WikiWars: The face of future conflicts

Attacks, and government's own unconventional strategy, could be the first real cyber war

We appear to be in the middle of the first real cyberwar. And like so much on the Internet, it has evolved in ways that weren't expected.

The war against the controversial, anti-secrecy WikiLeaks is being fought not with conventional weapons such as worms, Trojans or even targeted malware such as Stuxnet. It is a guerrilla war — and this time the U.S. government is playing the role of the insurgent. The objective is not the short-term takedown of WikiLeaks but a strategic denial of services to future online leakers, and WikiLeaks supporters are playing into their hands.

The WikiWars are exploiting an inherent weakness of a free, unregulated Internet: the need for service providers to make money.

WikiLeaks first incurred U.S. wrath with the publication this summer of a cache of low-level intelligence observations from Iraq and Afghanistan. The more recent release of thousands of classified diplomatic cables has ratcheted things up several notches.

A spate of conventional denial-of-service attacks were launched against the site, but were easily brushed off. But then Sen. Joseph Lieberman (I-Conn.), chairman of the Homeland Security and Governmental Affairs Committee, launched his own denial-of-service attack in the form of a letter from his staff to Amazon, which was hosting the WikiLeaks website. Amazon soon announced it was no longer hosting the site.

Amazon said it was because WikiLeaks broke its rules and not because the senator made any demands, threats or promises. But Rep. Peter King, (R-N.Y.) the incoming chairman of the House Homeland Security Committee for the 112th Congress, was explicit in a statement praising Amazon’s decision.

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“This situation should serve as an example for all private U.S. and international companies that conducting business with WikiLeaks is intolerable and against American interests,” he said.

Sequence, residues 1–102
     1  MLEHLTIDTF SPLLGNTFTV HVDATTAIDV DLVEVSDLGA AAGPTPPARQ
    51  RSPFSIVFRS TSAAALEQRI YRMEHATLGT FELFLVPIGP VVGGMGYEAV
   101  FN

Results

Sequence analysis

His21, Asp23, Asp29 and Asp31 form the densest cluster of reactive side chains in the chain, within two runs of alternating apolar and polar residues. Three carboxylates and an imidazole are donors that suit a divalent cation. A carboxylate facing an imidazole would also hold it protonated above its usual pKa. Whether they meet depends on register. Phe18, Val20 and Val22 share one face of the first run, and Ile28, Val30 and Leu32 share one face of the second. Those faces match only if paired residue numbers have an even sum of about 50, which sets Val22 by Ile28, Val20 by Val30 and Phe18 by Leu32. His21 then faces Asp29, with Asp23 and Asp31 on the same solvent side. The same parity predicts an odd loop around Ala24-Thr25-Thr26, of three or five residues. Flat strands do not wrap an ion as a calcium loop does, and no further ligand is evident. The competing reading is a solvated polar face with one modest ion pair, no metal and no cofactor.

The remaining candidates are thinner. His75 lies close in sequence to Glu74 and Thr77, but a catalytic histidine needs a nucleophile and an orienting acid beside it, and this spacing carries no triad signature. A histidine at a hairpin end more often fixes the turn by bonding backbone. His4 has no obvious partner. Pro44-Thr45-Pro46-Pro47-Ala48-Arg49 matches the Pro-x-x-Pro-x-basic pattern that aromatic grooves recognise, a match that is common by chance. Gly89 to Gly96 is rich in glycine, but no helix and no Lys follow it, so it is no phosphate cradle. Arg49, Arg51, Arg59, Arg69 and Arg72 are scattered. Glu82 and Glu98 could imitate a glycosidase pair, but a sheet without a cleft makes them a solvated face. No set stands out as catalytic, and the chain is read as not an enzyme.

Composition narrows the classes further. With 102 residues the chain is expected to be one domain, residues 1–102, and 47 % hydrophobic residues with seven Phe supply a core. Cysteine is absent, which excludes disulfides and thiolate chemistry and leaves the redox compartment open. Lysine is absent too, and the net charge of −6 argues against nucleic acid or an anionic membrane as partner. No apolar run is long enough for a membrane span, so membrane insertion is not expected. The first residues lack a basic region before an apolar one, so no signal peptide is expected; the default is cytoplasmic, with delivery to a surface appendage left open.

WikiLeaks has lost its original Web address, and financial companies PayPal, MasterCard and Visa no longer are processing donations and payments to the organization.

This has not taken WikiLeaks off line. In fact, the Washington Post commented that “WikiLeaks now is stronger than ever.” Hacktivists have launched conventional denial-of-service attacks against companies that have repudiated WikiLeaks, using the online DOS tool Low Orbit Ion Cannon to flood target sites with TCP and UDP packets and HTTP requests.

But although the United States might like to prosecute founder Julian Assange, taking down WikiLeaks is not an important goal. The documents already are released, the horse is out of the barn, the cat is out of the bag. But these guerilla actions may well prevent the next wiki leak.

Taking up residence on the Internet is a low-cost proposition, with lots of options around the world. But an online presence depends on private-sector service providers who provide and control the infrastructure, and they are not likely to ignore the concerns of the U.S. government or the hassles of running afoul of hacktivists, on either side of the fight, who might want to shut them down.

“At the end of the day, these are businesses,” said Dean Turner of Symantec Intelligence Services, who has been observing the online attacks. “It costs them a lot of money when they are under attack like that.”